Featuring real estate articles and information to help real estate buyers and sellers. The Nest features writings from Georges Benoliel and other real estate professionals. Georges is the Co-Founder of NestApple and has been working as an active real estate investor for over a decade.
Apartments in NYC are some of the most expensive apartments in the country. Due to this fact, many people live in smaller apartments than they would in other cities to drive the cost down. This has led to the popularity of studio apartments in NYC since they’re far cheaper, on average than a one-bedroom apartment, especially two-bedroom units. But some people don’t like the idea of just having one space act as the bedroom, kitchen, and living area. Thus, the alcove studio apartment was born. In this guide, you’ll learn everything about these units. We will include what they are, how much they cost, and some benefits and disadvantages of alcove studio apartments in NYC.
An alcove studio is a studio apartment with an additional alcove space on the main room’s far side. In other words, an alcove studio is a studio apartment with a separate sleeping area on either side at the far end of the main room. This nook or “alcove” is typically left open to the main room, and it generally is only large enough to fit a modestly sized bed.
People use this nook as a sleeping space, typically situated away from the main door, to provide additional privacy.
Sometimes, you can use the nook as a dining area or home office. Still, people commonly use it as a sleeping nook, and you can convert larger alcove studios into one-bedroom apartments by putting up a wall. This is what makes them so desirable.
However, most alcoves are small and big enough to fit a queen or king-sized bed, so it certainly doesn’t replace a typical one-bedroom apartment.
The first question many people will ask is, do alcove studios cost more than a standard studio apartment? Yes, they do! Since they have the additional sleeping space separated from the living area, they demand a higher price than traditional studio apartments.
They also cost less than a whole one-bedroom apartment since they’re technically just a studio. In downtown Manhattan, a condo studio costs 500 to 600k, and a 1-bedroom ranges from 800k to 1mm. Therefore an alcove studio would be in the middle. For coops, it’s about 25% less.
This situation makes them an affordable option for anyone looking to get an apartment without paying the exorbitant prices that come with a standard one-bedroom. They are priced relatively for precisely what they are: a bridge between a studio apartment and a one-bedroom apartment.Whether you’re renting or buying, you can expect an alcove studio to cost more than a regular studio as you get more space. That being said, if you were to rent an alcove studio that’s the same size as a one-bedroom apartment (let’s say they’re both 650 Square feet), you’d pay less. In NYC, the discount can often be 10% or more, which is significant, considering you have the same amount of living space. These savings make alcove studios extremely popular, especially among renters. It is getting increasingly difficult to find alcove studios for rent in NYC, though, as many landlords are simply converting them to one-bedroom apartments to charge a higher rent.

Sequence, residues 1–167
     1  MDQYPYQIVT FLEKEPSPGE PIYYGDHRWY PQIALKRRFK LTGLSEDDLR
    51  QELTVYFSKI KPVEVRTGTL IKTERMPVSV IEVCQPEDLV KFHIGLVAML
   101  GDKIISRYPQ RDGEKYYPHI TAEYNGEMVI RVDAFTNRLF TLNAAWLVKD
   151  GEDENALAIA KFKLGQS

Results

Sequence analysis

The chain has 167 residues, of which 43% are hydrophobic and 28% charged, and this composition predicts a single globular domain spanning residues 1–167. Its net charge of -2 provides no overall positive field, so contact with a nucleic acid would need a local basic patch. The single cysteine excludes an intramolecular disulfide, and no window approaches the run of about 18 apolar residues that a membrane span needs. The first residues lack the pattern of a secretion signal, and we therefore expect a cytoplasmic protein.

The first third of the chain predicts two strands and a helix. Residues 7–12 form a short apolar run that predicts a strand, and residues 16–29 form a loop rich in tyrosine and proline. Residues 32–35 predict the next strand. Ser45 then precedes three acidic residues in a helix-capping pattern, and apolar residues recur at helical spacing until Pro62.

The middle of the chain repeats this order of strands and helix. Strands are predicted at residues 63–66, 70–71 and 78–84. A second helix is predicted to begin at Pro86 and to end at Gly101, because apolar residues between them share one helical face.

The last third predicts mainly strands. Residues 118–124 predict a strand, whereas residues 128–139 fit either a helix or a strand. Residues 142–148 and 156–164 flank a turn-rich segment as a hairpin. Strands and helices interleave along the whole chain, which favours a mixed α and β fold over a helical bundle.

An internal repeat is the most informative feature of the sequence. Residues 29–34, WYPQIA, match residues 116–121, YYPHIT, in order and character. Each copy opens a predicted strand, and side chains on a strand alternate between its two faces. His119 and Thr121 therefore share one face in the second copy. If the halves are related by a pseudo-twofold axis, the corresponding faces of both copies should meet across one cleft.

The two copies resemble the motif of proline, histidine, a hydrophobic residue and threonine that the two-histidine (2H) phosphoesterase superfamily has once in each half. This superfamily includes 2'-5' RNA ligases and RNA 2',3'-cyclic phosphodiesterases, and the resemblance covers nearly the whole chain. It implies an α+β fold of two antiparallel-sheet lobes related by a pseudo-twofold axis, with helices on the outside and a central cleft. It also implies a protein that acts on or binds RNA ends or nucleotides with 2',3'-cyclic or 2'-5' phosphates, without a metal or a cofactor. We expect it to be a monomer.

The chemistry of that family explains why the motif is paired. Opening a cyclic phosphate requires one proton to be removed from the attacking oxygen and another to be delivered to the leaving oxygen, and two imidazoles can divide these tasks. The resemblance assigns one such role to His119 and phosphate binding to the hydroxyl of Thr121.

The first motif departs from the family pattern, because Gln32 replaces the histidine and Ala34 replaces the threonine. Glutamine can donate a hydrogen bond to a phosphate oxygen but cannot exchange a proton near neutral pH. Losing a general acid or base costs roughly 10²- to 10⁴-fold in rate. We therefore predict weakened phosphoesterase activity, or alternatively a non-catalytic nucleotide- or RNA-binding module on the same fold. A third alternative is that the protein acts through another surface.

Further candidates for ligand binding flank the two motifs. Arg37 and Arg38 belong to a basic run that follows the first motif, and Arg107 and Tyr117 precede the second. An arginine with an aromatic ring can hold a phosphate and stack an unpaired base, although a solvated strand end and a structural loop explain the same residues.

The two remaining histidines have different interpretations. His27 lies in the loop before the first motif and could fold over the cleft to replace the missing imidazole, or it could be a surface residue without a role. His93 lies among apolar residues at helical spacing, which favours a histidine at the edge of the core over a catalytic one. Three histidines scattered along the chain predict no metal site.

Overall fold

There aren’t any set rules or dimensions for an alcove studio apartment. Even though it provides an additional sleeping area, the apartment is technically a studio, and brokers must list them. But the alcove must add much living space to the overall floor plan, right?
To create a legal bedroom in NYC, the room must be a minimum of 8 feet x 8 feet. This definition means at least 64 square feet of living space. If the alcove were at least that big, then the developers who built it would’ve likely just walled it off and made the apartment a one-bedroom unit to get the maximum value out of it.
That said, the additional space created by the alcove in an alcove studio apartment will typically be less than 64 square feet. You will commonly see an alcove that’s something like 8 feet by 5 feet or 8 feet by 6 feet, which results in an additional space of 40 or 48 square feet.
This means that you won’t fit a big Alaskan-king-sized bed or anything. However, you will include a modest bed in the space to separate the sleeping and living areas. Plus, a 48-square-foot increase in an otherwise 500-square-foot unit is still increasing by nearly 10%, and it’s pretty significant!
While a junior one bedroom will have a similar layout to an alcove studio, the extra space in a junior one will generally be a separate room. This is why it’s more common to see a junior one-bedroom apartment advertised as a studio + home office.
This separate room can serve as a bedroom. Brokers cannot legally call it a bedroom as it might not have a closet or window. This means a junior-1 can be more or less desirable than an alcove studio. Some might prefer the privacy of this additional room.
But an ideal alcove studio might have a windowed alcove, and the owner can convert it into a better bedroom than what you’d find in most junior 1s.